by Bryce W. Robinson
The genus Toxostoma is comprised of some of my favorite birds. At the top of these species is the Le Conte’s Thrasher. I love this bird in part because it is rather difficult to find. I’ve spent a great deal of time in the Sonoran Desert, frequenting the sandy creosote scrub that is this birds habitat. Still, I’ve only seen a handful of this desert specialist, and each time has been memorable.
Recently, I found two birds outside of Palm Springs, CA, one of which was singing atop a creosote. I had never heard the song of the Le Conte’s. It is the same wonderful wandering warble of other Toxostoma species, yet it seems a bit more delicate.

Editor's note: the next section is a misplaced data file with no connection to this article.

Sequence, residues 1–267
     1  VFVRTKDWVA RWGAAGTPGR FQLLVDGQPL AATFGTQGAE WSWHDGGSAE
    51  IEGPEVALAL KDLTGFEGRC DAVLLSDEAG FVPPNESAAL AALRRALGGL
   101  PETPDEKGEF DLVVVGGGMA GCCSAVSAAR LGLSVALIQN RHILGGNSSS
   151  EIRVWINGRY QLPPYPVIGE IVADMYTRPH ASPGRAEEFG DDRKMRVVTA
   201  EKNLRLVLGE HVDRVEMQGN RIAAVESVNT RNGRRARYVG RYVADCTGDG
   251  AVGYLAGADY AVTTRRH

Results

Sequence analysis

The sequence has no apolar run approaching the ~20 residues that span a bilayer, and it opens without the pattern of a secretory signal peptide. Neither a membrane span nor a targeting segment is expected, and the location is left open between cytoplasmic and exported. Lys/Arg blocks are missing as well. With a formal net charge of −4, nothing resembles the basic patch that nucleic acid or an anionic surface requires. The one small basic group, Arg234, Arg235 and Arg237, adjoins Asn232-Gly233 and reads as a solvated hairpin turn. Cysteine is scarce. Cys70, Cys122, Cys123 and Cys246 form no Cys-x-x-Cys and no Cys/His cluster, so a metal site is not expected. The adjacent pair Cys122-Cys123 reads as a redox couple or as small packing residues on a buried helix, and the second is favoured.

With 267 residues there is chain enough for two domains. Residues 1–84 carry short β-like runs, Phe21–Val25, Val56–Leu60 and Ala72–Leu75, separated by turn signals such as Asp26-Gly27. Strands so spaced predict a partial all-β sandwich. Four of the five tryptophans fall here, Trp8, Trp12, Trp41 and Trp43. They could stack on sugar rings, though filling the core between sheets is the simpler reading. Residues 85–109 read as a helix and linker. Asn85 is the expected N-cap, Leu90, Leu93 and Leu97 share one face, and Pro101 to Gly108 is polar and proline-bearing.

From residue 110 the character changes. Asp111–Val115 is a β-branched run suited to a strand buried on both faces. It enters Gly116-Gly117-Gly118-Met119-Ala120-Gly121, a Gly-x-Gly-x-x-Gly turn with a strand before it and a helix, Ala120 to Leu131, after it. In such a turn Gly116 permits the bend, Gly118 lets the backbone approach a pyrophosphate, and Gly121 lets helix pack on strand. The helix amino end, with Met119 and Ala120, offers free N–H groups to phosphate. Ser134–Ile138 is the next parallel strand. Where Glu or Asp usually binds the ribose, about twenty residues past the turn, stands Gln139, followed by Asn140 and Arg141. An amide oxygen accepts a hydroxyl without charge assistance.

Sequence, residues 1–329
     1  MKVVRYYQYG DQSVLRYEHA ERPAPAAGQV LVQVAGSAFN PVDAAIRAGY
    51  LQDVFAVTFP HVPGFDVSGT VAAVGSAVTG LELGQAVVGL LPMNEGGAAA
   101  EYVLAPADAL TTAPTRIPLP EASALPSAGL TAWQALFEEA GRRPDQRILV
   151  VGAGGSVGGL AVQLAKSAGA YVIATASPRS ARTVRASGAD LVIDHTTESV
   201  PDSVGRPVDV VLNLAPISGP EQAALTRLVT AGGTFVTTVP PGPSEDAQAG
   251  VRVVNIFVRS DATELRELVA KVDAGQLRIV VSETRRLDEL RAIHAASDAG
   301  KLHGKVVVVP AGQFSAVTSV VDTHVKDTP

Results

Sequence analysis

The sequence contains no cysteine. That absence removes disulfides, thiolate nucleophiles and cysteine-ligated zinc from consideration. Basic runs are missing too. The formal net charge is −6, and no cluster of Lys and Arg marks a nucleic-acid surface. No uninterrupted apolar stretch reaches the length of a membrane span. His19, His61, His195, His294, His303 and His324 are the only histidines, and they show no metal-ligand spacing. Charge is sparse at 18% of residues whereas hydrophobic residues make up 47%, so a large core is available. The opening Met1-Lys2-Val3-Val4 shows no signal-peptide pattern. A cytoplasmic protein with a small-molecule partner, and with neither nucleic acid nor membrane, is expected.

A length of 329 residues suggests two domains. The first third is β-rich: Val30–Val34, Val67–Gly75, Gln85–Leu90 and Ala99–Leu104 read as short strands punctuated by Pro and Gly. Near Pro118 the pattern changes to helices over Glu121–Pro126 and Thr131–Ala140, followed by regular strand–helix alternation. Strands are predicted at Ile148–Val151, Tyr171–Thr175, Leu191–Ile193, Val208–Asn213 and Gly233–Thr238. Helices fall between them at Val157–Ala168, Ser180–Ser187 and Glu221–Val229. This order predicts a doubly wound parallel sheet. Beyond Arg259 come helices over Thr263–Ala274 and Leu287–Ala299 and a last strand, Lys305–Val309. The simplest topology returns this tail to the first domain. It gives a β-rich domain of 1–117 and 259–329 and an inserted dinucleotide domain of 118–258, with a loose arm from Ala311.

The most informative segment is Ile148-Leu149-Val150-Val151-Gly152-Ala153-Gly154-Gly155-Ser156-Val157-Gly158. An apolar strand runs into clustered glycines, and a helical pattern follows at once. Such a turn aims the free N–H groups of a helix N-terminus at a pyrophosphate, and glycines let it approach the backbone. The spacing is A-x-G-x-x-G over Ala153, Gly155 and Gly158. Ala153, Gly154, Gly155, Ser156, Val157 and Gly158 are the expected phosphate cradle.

One of the reasons I am so fascinated by this bird is its habit to run across the sand between Creosote shrubs as it forages for food. It seems to prefer running rather than flying. I can’t help but think of the Greater Roadrunner every time I see this behavior.
I find it incredible that this bird is only twenty miles from another southern California Toxostoma species. The California Thrasher is much like the Le Conte’s in appearance, but it frequents the chaparral hills of southern California. This pair of Le Conte’s Thrashers I found are on the western edge of the desert in the extremely arid white sand hills amidst Palm Springs iconic wind mill farms. Its proximity to the California Thrasher’s range is incredible, as the species is very different in habits and habitat. These two species are prime examples of evolution, adaptability, and the affects of environmental pressures.